The project has created a hierarchical set of specifications, including for the OAIS information packages (SIP, AIP and DIP). If adopted by preservation software supplies and the wider community, this could lead to greater interoperability between different digital preservation systems, thus making it easier to move from one system to another in the future. This was certainly one of the hot topics at DPC's repository migration event ‘So long, and thanks for all the bits…’ last year so if this interests you do take note.

These (and other) specifications are currently out for review until 24th February and DPC Members and Supporters may wish to provide feedback on this. This particular task is on my 'to do' list for next month.

The last activity I’m going to report on in this post is the review that is underway of the NDSA Levels of Preservation

I was a big fan of the NDSA Levels in my previous role and had them printed out and stuck on my notice board. However, when using them to benchmark and assess our own preservation processes I did find a few grey areas where they could be subject to different interpretations.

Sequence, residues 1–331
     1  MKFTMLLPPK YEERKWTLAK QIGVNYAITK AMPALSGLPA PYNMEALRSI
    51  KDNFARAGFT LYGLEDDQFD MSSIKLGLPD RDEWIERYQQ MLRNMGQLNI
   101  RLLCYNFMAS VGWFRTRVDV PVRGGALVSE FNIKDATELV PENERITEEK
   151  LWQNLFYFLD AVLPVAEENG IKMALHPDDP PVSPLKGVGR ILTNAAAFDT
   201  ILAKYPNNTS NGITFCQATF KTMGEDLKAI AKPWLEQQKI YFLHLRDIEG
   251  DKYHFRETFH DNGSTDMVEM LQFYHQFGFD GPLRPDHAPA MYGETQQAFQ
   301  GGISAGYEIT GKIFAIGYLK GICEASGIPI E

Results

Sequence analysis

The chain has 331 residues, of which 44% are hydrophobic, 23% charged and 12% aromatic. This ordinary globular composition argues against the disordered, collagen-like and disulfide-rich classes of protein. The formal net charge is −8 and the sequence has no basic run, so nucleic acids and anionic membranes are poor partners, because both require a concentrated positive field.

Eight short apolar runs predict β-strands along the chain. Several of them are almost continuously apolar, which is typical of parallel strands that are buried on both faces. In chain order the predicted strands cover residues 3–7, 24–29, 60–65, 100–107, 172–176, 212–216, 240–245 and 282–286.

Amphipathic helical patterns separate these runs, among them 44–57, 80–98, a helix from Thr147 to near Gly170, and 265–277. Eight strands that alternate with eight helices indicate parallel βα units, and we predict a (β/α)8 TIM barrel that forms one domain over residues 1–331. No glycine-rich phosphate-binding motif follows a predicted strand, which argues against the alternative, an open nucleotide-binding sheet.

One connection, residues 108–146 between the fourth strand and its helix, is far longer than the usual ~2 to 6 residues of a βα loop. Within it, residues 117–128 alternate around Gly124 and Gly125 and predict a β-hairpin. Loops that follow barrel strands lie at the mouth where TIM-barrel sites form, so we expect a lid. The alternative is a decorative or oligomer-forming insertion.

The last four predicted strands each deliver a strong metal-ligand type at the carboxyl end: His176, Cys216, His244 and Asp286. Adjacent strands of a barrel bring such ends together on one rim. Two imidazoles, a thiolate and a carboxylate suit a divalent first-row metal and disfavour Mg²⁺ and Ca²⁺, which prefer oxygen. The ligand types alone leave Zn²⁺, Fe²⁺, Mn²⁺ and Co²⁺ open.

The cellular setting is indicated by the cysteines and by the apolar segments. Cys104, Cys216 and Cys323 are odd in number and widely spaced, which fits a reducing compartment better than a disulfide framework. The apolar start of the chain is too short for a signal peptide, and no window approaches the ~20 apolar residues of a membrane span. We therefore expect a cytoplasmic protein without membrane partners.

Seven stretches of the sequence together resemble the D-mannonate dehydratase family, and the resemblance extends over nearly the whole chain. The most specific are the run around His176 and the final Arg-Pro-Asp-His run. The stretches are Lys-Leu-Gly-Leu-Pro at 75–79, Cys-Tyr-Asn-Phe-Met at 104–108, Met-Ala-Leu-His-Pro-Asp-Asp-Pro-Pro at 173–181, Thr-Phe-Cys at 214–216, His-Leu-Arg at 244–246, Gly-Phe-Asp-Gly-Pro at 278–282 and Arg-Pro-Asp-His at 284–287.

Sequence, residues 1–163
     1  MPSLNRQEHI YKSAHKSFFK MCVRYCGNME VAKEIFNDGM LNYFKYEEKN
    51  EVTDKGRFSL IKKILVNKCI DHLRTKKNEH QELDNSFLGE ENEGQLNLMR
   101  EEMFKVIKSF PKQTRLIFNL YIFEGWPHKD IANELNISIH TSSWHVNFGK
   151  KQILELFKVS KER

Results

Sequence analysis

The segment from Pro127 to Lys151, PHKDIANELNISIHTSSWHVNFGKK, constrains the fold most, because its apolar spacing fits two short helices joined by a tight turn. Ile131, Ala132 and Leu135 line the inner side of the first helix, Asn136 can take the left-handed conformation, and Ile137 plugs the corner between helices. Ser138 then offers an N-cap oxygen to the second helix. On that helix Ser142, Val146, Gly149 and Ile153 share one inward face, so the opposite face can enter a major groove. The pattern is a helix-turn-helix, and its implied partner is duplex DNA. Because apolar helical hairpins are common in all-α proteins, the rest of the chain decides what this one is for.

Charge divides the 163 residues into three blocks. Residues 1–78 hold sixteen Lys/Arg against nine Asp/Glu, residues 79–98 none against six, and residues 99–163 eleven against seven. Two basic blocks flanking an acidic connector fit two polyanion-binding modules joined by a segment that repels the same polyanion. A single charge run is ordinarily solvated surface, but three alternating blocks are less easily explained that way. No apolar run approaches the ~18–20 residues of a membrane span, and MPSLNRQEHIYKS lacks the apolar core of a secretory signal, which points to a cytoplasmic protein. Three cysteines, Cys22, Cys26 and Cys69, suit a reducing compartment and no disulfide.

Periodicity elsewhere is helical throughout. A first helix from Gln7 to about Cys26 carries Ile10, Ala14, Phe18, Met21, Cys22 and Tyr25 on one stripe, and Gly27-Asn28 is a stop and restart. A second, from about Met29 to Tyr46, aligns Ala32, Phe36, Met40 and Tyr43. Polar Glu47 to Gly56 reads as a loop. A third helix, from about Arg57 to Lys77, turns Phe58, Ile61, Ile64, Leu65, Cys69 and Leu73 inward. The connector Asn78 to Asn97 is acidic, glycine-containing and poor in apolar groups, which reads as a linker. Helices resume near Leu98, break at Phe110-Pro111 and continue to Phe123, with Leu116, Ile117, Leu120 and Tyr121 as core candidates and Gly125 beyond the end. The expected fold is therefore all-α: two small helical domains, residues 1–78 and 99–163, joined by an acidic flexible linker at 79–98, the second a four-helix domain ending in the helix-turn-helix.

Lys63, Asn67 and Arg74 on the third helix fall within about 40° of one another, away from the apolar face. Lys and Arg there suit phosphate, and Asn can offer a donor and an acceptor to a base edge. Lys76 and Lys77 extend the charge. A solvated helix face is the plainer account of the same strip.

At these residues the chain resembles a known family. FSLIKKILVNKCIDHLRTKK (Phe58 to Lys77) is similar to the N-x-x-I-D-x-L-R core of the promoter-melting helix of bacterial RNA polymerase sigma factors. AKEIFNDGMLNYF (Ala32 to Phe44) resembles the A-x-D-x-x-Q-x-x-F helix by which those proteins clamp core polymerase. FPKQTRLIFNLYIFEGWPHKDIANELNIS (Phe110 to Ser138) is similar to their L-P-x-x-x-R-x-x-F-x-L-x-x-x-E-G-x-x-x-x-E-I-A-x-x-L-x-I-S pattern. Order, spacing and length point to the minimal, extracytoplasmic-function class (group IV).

I sit on 3 of the working groups for this initiative, all of which held meetings last week (I was able to attend 1.5 of them). 

The importance of working internationally on standards like this became apparent last week when the group responsible for revising the levels had a discussion about the meaning of the word 'inventory' (as a verb). It is clear that US and UK English differs subtly in their use of this word, with folks in the UK tending to talk about 'creating an inventory of files' and US colleagues who 'inventory their files'. So we really do get down into the nitty gritty of semantics in these meetings to try to ensure that we use language that makes sense internationally. Choosing simple and clear language that can be easily understood is more challenging than you might think!

My hope for the re-boot effort is that we end up with an updated set of levels that retain their simplicity, can still be printed out on one piece of paper or put on a Powerpoint slide and have greater clarity. It really is great to have the opportunity to collaborate on this project.

That's all for now. As ever, I’m happy to make this a conversation rather than a monologue - so do let me know if you have any comments or give me a shout if there are things you think I should know about.



* Note, I deliberately make no promises about how often I will blog!